female athlete triad info for healthcare providers n.
Download
Skip this Video
Loading SlideShow in 5 Seconds..
Female Athlete Triad…Info for Healthcare Providers PowerPoint Presentation
Download Presentation
Female Athlete Triad…Info for Healthcare Providers

Loading in 2 Seconds...

play fullscreen
1 / 40

Female Athlete Triad…Info for Healthcare Providers - PowerPoint PPT Presentation


  • 102 Views
  • Uploaded on

Female Athlete Triad…Info for Healthcare Providers. Traci Zimmerman, CPT, MC Dewitt Army Community Hospital Family Medicine Residency. Objectives. American College of Sports Medicine Position Stand: Female Athlete Triad Updated Position Stand Diagnosis Treatment Education. Introduction.

loader
I am the owner, or an agent authorized to act on behalf of the owner, of the copyrighted work described.
capcha
Download Presentation

PowerPoint Slideshow about 'Female Athlete Triad…Info for Healthcare Providers' - xaviera-dickson


An Image/Link below is provided (as is) to download presentation

Download Policy: Content on the Website is provided to you AS IS for your information and personal use and may not be sold / licensed / shared on other websites without getting consent from its author.While downloading, if for some reason you are not able to download a presentation, the publisher may have deleted the file from their server.


- - - - - - - - - - - - - - - - - - - - - - - - - - E N D - - - - - - - - - - - - - - - - - - - - - - - - - -
Presentation Transcript
female athlete triad info for healthcare providers

Female Athlete Triad…Info for Healthcare Providers

Traci Zimmerman, CPT, MC

Dewitt Army Community Hospital

Family Medicine Residency

objectives
Objectives
  • American College of Sports Medicine Position Stand: Female Athlete Triad
  • Updated Position Stand
  • Diagnosis
  • Treatment
  • Education
introduction
Introduction
  • Educational Amendment Act of 1972
    • Mandates that any institution accepting federal funding provide equal opportunities for men and women to participate in athletic programs
    • Title IX signed into law by President Nixon in 1972
history
History
  • Not a new entity – various components have been noted for years
  • Defined in 1992 by American College of Sports Medicine
  • ACSM developed a Position Statement in 1997
1997 acsm position statement
1997 ACSM Position Statement
  • Definition:
    • Syndrome that can develop in physically active girls and women with three interrelated components:
      • Disordered eating
      • Amenorrhea
      • Osteoporosis

Otis CL, Drinkwater B, Johnson M, et al. American College of Sports Medicine Position Stand: The female athlete triad. Med Sci Sports Exerc 1997; 29(5): i-ix.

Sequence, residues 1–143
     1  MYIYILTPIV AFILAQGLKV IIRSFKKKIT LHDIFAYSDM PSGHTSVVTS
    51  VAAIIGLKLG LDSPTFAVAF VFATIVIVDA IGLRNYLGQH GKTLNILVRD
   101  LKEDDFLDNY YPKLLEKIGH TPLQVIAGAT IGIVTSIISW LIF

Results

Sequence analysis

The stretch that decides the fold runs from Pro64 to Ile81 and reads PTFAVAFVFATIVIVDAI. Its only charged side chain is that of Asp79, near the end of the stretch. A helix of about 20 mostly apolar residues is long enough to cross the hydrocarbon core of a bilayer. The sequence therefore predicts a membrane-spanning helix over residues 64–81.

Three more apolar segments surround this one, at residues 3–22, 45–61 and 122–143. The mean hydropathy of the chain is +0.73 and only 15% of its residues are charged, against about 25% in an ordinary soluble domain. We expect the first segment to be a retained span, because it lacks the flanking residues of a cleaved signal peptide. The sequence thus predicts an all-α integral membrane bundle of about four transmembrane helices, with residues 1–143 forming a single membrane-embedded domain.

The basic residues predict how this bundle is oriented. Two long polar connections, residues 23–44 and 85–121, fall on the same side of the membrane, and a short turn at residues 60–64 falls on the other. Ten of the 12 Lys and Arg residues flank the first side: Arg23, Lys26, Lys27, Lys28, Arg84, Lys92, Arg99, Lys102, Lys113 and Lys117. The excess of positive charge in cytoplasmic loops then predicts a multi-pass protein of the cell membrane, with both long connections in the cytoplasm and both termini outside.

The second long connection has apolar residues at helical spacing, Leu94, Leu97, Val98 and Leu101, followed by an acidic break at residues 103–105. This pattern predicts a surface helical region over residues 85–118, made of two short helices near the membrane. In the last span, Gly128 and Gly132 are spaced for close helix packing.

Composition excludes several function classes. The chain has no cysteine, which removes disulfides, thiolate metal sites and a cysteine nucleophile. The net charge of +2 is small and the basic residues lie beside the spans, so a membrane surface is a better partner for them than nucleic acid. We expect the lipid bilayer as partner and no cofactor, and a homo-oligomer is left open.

disordered eating
Disordered Eating
  • Includes a wide spectrum of unhealthy eating behaviors
    • Skipping meals or limiting calorie intake
    • Restricting certain foods such as those high in fat or protein
    • Binge eating or purging
    • Diet pills, laxatives, diuretics
    • Anorexia nervosa and bulimia nervosa
disordered eating1
Disordered Eating
  • May be intentional or unintentional
    • Lose a few pounds before an event
    • “Inadvertently failing to balance energy expenditures with adequate energy intake”
amenorrhea
Amenorrhea
  • Primary amenorrhea
    • Absence of menstruation by age 16 in a girl with secondary sex characteristics
  • Secondary amenorrhea
    • Absence of 3 or more consecutive menstrual cycles in a girl who has begun menstruating
  • Amenorrhea associated with exercise is hypothalamic in origin
osteoporosis
Osteoporosis
  • “Disease characterized by low bone mass and microarchitectural deterioration of bone tissue leading to enhanced skeletal fragility and increased risk of fracture”
  • Principal cause of premenopausal osteoporosis in active women is decreased ovarian hormone production and hypoestrogenemia
  • Athletes may be at risk for fractures during their competitive years and premature osteoporotic fractures in the future
who is at risk
Who is at Risk?
  • “Potentially all physically active girls and women could be at risk for developing one or more components of the Triad”
  • Sports that emphasize low body weight
    • Subjective scoring of performance (figure skating)
    • Endurance sports (distance running)
    • Body contour-revealing clothing (track, cheerleading)
    • Weight categories (wrestling, horse racing)
    • Emphasis on prepubertal body habitus (gymnastics)
  • Male athletes are also at risk for disordered eating and anorexia nervosa
position stand
Position Stand
  • Alone or in combination, Female Athlete Triad disorders can decrease physical performance and cause morbidity and mortality